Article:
It's the last week of Black History Month, so we're switching seats, and Nakea is introducing Michael to one of her favorite films that he has never seen. And, in honor of Spike Lee's first Oscar win this year, Nakea has chosen Lee's 1994 joint Crooklyn, starring Alfre Woodard, Delroy Lindo, and newcomer Zelda Harris.

Funny, sharply observed, and brimming with period detail, Crooklyn is Spike Lee's most personal film, based on his own family's experiences of growing up in Brooklyn. It's also, as we discuss, a wonderfully complex examination of family gender roles, a celebration of #BlackGirlMagic, and a lament for all the black girls who have to grow up too soon.


0:00: Prologue: from Spike Lee's acceptance speech at the 2019 Oscars
0:44: Cultural Osmosis: Pre-Viewing Discussion
11:51: Interlude: Original Trailer 
13:10: The Verdict: Post-Viewing Discussion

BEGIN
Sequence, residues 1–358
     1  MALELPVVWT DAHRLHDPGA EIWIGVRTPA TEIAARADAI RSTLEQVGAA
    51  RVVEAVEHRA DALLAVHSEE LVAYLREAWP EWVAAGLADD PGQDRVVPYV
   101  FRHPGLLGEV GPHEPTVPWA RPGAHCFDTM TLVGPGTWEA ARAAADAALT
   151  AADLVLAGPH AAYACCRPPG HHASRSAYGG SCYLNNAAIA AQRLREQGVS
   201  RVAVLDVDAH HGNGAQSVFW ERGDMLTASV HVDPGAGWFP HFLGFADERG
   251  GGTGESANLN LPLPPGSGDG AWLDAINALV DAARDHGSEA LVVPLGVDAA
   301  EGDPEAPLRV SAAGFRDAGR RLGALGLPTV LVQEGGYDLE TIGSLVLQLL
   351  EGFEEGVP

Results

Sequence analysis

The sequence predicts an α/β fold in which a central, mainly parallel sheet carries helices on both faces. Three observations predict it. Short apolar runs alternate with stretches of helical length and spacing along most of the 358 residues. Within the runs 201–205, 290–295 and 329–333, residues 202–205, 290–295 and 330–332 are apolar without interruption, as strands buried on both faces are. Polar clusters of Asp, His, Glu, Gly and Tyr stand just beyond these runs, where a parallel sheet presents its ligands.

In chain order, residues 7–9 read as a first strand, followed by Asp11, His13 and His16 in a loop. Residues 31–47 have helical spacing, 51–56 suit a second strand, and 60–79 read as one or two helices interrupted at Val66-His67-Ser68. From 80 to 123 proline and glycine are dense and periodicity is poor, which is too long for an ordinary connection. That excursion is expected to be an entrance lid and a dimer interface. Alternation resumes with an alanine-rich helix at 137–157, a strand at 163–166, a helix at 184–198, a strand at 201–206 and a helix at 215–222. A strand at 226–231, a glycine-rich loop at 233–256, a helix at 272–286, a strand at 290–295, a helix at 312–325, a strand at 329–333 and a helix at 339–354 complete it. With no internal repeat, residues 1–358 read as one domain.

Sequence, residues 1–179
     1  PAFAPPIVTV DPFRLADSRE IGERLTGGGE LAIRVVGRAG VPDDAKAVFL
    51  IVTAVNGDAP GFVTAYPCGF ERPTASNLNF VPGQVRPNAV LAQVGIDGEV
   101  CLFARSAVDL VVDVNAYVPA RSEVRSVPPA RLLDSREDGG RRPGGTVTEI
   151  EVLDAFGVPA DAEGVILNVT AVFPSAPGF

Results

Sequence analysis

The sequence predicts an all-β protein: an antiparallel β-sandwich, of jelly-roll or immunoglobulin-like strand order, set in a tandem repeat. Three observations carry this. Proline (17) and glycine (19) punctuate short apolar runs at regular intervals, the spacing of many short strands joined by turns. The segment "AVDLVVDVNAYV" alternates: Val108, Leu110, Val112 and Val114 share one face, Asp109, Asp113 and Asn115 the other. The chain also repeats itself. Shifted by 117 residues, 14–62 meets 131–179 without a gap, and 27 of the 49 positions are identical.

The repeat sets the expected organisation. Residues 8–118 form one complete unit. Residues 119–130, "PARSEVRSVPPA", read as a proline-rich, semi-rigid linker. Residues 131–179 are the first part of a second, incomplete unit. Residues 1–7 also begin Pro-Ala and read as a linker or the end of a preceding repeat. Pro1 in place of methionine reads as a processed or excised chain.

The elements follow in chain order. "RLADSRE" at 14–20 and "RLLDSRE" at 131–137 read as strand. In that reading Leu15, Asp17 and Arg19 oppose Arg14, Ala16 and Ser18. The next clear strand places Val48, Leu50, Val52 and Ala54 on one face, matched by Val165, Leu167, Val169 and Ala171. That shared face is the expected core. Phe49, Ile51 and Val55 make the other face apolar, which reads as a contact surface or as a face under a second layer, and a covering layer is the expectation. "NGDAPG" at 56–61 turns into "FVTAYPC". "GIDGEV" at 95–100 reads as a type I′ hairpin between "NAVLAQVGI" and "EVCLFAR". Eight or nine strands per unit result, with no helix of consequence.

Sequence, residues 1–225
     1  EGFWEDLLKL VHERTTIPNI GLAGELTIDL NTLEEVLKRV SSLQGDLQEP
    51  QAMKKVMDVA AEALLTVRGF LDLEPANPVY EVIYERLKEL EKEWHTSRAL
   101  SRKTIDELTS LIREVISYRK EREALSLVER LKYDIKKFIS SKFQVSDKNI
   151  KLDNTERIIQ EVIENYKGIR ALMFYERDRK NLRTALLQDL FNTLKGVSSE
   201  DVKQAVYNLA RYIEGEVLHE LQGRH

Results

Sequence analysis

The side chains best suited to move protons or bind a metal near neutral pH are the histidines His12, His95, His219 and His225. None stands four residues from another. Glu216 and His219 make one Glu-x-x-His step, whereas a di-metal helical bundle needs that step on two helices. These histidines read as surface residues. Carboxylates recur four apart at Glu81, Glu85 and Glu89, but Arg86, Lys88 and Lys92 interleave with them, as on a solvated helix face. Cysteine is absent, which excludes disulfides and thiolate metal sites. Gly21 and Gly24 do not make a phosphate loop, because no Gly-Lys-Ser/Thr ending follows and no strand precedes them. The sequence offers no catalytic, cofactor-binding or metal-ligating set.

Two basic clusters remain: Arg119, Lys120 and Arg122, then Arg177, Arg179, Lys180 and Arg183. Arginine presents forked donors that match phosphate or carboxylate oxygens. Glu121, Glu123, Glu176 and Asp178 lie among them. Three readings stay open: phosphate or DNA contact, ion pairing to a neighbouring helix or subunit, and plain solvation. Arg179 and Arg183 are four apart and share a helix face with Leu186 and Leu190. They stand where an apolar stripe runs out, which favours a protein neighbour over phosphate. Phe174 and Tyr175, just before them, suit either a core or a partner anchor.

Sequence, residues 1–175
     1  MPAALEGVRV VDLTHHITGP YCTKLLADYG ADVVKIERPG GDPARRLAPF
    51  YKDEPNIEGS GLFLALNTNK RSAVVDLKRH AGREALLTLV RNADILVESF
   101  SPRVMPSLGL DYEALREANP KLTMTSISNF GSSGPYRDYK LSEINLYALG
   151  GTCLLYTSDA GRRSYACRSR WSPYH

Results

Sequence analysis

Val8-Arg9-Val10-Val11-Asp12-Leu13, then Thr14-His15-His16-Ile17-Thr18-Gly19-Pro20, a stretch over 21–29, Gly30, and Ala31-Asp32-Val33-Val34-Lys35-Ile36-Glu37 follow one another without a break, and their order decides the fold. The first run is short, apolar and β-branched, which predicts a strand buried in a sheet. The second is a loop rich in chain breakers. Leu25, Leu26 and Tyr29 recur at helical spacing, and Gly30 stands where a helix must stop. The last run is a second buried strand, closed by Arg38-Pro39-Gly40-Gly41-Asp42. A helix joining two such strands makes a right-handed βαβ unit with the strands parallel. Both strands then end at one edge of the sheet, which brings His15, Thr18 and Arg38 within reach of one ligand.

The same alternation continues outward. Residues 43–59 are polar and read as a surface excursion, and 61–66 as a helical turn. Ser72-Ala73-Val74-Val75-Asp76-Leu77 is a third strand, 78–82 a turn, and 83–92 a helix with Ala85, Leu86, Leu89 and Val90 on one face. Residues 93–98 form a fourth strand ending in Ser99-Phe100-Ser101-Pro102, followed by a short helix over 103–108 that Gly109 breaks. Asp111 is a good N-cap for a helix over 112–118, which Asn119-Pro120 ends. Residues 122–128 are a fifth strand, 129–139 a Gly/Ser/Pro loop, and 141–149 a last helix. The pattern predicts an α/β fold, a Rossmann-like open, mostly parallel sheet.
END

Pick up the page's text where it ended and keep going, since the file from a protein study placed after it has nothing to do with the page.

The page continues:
57:02 Outro and Next Week's Movie
58:39: Outtake

Notes and Links

—Movie Reviewed: Crooklyn (dir. Spike Lee, Universal, 1994).
—Prologue: from Spike Lee's acceptance speech for Best Adapted Screenplay at the 2019 Academy Awards. 
—Article Mentioned: "On Death and Patriarchy in Crooklyn," bell hooks, Z Magazine.
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—"Warm Duck Shuffle" by Arne Huseby is licensed under CC BY 3.0.

The Unaffiliated Critic

Michael G. McDunnah is a freelance writer, a recovering lit major, a pop-culture junkie, and an unaffiliated critic. He lives in Chicago.

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